Millions of Americans - mostly women - could find the key to more energy, easier weight control, sharper thinking, less depression, less infertility, lower blood pressure and lower incidence of heart disease. It all depends on who wins a 10-year-old medical debate.
The holdup is the number on a lab test - specifically, the reference range for thyroid-stimulating hormone.
Many physicians who specialize in endocrine disorders, including thyroid disease, think lab limits for thyroid-stimulating hormone are too broad, leaving many patients who suffer from low-thyroid disease undiagnosed and untreated.
Marilyn Arnst of Orlando, Fla., fell in that gap.
"I was cold all the time, even in the hot Orlando summer," said Arnst of the symptoms she felt seven years ago, when she was 49. "I would wake up feeling drowsy, and need to lie down in a couple hours. I was confused and foggy and kept finding more hair in my hairbrush."
The wife and mother asked her primary-care doctor to check her for low-thyroid disease. He ran the usual blood tests and told her she was fine. Her thyroid-stimulating hormone was 3.44. Most medical laboratories put the normal range for that hormone between 0.4 and 4.5 (milliunits per liter) or even as high as 5.5.
"Because both of my kids had just gone off to college and my husband traveled a lot, the doctor thought this was just a phase and suggested I try volunteering," Arnst recalled. Then a nurse practitioner friend told her to go back to the doctor and insist on more testing. A blood test for thyroid antibodies came back positive, confirming she had low-thyroid disease, or hypothyroidism.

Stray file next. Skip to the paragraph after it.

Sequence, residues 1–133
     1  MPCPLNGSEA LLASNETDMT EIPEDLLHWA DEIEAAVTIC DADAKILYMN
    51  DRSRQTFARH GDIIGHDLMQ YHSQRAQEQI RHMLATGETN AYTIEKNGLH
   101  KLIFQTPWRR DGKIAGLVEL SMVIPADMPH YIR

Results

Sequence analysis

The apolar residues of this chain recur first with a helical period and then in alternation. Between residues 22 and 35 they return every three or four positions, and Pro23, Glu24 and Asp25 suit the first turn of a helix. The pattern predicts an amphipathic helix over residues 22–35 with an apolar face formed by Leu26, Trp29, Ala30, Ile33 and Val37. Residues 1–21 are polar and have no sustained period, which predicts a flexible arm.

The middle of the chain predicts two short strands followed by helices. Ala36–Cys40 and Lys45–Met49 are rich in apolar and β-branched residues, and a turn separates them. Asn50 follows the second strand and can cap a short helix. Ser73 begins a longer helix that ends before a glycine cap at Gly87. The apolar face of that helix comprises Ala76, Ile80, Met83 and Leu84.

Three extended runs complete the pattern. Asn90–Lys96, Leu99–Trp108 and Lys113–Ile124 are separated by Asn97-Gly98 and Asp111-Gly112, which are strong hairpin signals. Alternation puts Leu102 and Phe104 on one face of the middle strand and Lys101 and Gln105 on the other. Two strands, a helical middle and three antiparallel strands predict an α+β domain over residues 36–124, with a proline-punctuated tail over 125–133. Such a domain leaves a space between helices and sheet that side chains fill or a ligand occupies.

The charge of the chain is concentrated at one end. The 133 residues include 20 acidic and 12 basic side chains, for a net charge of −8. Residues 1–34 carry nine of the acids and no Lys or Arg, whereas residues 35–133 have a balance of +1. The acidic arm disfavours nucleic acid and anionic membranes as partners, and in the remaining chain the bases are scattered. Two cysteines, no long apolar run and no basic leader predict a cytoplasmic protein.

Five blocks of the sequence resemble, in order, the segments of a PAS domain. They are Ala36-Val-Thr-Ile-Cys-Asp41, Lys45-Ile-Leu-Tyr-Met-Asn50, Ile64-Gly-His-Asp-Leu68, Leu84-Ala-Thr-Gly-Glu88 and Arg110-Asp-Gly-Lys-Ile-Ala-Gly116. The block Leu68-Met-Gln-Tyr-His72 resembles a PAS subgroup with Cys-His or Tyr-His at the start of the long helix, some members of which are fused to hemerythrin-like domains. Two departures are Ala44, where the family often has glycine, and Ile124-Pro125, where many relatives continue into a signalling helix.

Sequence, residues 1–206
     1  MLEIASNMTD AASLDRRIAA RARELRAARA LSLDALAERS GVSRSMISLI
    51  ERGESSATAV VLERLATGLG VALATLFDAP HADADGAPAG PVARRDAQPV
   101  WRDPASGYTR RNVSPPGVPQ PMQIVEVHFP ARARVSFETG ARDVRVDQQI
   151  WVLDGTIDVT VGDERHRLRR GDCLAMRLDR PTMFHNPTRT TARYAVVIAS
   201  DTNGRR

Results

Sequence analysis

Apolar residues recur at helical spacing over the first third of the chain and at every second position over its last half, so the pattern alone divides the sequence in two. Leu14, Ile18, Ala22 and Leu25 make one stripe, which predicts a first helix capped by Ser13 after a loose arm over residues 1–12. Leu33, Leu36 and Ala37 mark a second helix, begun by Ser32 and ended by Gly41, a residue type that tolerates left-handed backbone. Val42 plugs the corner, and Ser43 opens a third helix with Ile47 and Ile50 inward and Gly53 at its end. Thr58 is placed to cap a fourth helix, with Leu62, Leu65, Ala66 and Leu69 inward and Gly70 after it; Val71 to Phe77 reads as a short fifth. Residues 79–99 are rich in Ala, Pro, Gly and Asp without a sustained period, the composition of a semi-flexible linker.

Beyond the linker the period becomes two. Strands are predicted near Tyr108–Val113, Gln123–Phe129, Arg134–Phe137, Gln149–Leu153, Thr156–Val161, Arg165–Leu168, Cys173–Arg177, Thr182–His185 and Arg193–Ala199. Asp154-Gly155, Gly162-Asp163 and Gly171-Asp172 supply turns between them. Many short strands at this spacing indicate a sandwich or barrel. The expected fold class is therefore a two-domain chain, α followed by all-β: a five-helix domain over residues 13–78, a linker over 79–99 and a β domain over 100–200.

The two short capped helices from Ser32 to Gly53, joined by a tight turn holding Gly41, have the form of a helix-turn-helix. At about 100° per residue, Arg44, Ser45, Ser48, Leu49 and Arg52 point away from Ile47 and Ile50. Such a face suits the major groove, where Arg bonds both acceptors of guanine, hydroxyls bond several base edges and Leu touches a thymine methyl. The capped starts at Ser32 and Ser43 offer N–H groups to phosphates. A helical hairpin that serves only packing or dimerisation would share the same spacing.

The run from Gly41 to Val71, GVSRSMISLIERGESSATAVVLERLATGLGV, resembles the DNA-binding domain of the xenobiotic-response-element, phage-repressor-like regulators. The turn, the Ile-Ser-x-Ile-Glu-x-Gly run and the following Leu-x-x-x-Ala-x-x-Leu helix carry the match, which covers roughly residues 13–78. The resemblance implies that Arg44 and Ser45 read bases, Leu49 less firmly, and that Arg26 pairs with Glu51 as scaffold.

"My doctor felt terrible," she said, although in fact he only did what most doctors do. Unless they specialize in endocrine disease, most physicians go by the labs. He started Arnst on thyroid medication. Shortly afterward, she recalls, "I woke up and felt like myself again: clear, awake and alive."
A butterfly-shaped gland that sits at the base of the throat, the thyroid governs metabolism. When it doesn't make enough thyroid hormone, people feel sluggish, have trouble concentrating, gain weight and feel cold. Left untreated, thyroid disease can lead to more-serious health problems, including elevated cholesterol, heart disease, osteoporosis, infertility and depression.
Conversely, an overactive thyroid causes people to feel anxious, jittery and hot, and can cause rapid heartbeat and insomnia.
Overseeing all this is the brain's pituitary gland. When it senses that the thyroid isn't producing enough thyroid hormone, it sends out thyroid-stimulating hormone, also called thyrotropin, to tell the thyroid gland to step up production.
Thus, a high thyrotropin means the thyroid is underactive, causing hypothyroidism. A low level indicates that thyroid levels are too high, creating hyperthyroidism.
Low thyroid is 20 times more common, and among those it affects, 80 percent are women.
Most hypothyroidism occurs when the body makes antibodies that attack the thyroid gland. Treatment is simple and involves taking a daily bioidentical thyroid pill.